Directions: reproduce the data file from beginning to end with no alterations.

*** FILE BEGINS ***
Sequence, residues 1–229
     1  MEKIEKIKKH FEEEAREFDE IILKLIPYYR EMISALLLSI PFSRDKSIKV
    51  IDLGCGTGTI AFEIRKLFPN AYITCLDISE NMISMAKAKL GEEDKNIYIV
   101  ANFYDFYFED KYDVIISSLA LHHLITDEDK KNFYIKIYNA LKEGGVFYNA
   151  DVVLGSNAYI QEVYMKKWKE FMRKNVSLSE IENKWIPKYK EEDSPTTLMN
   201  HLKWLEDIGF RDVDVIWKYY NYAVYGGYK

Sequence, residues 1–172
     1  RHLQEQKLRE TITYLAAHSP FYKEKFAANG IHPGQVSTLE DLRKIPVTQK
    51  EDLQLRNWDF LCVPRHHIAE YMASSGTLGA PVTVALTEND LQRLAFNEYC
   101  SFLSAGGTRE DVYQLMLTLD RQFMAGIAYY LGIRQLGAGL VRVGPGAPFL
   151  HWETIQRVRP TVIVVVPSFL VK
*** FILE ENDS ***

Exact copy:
Sequence, residues 1–229
     1  MEKIEKIKKH FEEEAREFDE IILKLIPYYR EMISALLLSI PFSRDKSIKV
    51  IDLGCGTGTI AFEIRKLFPN AYITCLDISE NMISMAKAKL GEEDKNIYIV
   101  ANFYDFYFED KYDVIISSLA LHHLITDEDK KNFYIKIYNA LKEGGVFYNA
   151  DVVLGSNAYI QEVYMKKWKE FMRKNVSLSE IENKWIPKYK EEDSPTTLMN
   201  HLKWLEDIGF RDVDVIWKYY NYAVYGGYK

Sequence, residues 1–172
     1  RHLQEQKLRE TITYLAAHSP FYKEKFAANG IHPGQVSTLE DLRKIPVTQK
    51  EDLQLRNWDF LCVPRHHIAE YMASSGTLGA PVTVALTEND LQRLAFNEYC
   101  SFLSAGGTRE DVYQLMLTLD RQFMAGIAYY LGIRQLGAGL VRVGPGAPFL
   151  HWETIQRVRP TVIVVVPSFL VK